“The pricing and spread paid by each institution to Dinosaur suggest price fixing and above-market commissions," he said. “All this has led us to believe that acts of corruption may have been committed under our legislation.”

In April , Venezuelan lawmakers reached out to big Wall Street firms including Goldman Sachs, asking them not to help the country monetize $7.7 billion in gold reserves. In an editorial May 26 , Harvard University economist Ricardo Hausmann -- a former planning minister in Venezuela and long-time critic of the current government -- called on JPMorgan Chase & Co. to remove Venezuela from its bond indexes so investors tracking the gauges aren’t compelled to buy those notes.

(Updates to add reserve levels in ninth paragraph.)--With assistance from Noris Soto and Dakin Campbell.

06-23-17  mniam

panas

i do own ETP but its not an oversized position

06-23-17  mniam

carib

merlino's ideas about how things work, and especially how they worked in the golden age of distant past (about which we know nothing), are very endearing.

here is how self regulation of hunting of giant marsupials in Australia:

https://en.wikipedia.org/wiki/Australian_megafauna

New evidence based on accurate optically stimulated luminescence and uranium-thorium dating of megafaunal remains suggests that humans were the ultimate cause of the extinction of megafauna in Australia.[6][7]

but thats wikipedia, of course, and Merlino's sources are far more reliable. :)

06-23-17  mniam

panas

yes, im in the midstream pipelines. in fact, i will probably add a few more next week. the stocks trade with oil and nobody knows how low oil will go; so maybe the pipelines stocks will continue to go south; i dont think they will ever again go as far south as they did in March 2016, because, for one thing, there is much less leverage in the sector (it is largely underowned); but if they do, then i will mortgage everything i own to buy every single stock of EDP i can lay my hands on. the basic thesis of the investment remains the same, the cashflows of pipelines are not linked to price of oil but volume processed; and the volume is mostly a function of US consumption rather than US production (ie if fracking comes to a stand still, the main pipelines will continue to carry oil, its just this time it will be arab oil)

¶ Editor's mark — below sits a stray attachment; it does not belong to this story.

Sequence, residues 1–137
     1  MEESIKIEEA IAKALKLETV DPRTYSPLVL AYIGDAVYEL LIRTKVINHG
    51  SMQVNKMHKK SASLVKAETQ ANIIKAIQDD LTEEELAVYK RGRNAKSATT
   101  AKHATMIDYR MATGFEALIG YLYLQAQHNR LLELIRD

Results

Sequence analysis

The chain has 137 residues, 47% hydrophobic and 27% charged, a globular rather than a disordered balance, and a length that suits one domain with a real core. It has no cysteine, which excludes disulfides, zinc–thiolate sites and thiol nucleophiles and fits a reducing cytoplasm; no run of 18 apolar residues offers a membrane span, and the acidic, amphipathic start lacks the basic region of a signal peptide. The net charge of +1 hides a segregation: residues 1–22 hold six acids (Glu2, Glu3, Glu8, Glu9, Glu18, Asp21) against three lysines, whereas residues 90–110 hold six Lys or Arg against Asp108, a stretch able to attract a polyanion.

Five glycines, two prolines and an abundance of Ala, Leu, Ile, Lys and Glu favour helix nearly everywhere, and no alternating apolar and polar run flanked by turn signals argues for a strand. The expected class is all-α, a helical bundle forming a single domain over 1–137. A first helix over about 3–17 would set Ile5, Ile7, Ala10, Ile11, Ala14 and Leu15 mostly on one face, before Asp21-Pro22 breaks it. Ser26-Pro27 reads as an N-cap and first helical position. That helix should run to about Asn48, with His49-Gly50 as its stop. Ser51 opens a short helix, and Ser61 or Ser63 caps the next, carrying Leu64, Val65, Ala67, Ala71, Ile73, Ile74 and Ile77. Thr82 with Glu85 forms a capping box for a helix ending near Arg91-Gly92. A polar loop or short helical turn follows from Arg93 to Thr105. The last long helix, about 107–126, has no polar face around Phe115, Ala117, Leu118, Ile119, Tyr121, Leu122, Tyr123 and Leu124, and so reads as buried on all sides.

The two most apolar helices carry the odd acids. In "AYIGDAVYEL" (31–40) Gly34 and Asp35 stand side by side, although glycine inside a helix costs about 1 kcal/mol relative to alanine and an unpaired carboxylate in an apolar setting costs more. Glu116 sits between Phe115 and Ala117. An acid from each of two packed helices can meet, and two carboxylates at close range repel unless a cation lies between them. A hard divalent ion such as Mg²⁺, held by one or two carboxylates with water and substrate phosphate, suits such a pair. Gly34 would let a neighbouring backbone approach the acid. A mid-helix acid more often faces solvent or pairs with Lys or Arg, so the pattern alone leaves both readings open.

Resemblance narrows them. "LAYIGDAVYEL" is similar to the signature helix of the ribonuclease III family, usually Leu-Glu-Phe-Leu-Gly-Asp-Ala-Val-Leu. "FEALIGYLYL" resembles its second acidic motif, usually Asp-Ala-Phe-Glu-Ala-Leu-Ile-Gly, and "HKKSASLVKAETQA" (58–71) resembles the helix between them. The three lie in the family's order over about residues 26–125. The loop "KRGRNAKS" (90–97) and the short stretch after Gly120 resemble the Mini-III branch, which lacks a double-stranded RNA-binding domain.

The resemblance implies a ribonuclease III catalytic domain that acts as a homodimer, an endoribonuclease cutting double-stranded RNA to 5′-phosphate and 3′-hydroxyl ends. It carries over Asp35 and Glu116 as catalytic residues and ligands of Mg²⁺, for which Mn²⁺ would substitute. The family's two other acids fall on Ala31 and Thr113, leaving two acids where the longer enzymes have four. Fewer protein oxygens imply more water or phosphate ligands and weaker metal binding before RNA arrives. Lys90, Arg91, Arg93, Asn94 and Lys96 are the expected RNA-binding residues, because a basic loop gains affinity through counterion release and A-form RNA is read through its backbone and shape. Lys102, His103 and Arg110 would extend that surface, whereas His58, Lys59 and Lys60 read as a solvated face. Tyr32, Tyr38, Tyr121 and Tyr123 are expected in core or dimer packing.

06-23-17  panasonic

amigo, very true...Almagro should leave, he is an idiot...

...all idiots should go.

06-23-17  amigo-latino

Almagro sufrio "derrota"

_Maduro pide renuncia de Almagro para evaluar retorno de Venezuela a la OEA

"Almagro lleva con Venezuela más de 15 derrotas, y más apabullante la que le acabamos de propinar a Luis Alamgro, debería renunciar a la OEA y permitir que los países nos ocupemos de recuperar y reorganizar la OEA, si es que fuera el caso", dijo el mandatario durante una rueda de prensa.

Venezuela no vuelve a la OEA más nunca, más nunca entrará nadie de la OEA en este país (...) La OEA que se olvide de Venezuela, Almagro que se olvide de Venezuela, lo que debería estar pensando es en renunciar por inmoral, por fracasado", añadió.

Diez países de la Comunidad del Caribe (Caricom) prometieron votar a favor de una resolución sobre la crisis de Venezuela consensuada con el grupo de los 14, pero cuatro retiraron su respaldo en el último minuto, informaron a Efe fuentes diplomáticas.

Este fue el motivo por el que no se alcanzaron los 23 votos necesarios en la reunión de cancilleres celebrada el lunes en Cancún previa a la Asamblea General de la OEA, aunque al comienzo del encuentro los impulsores del encuentro anunciaron que tenían los apoyos para sacar adelante el texto._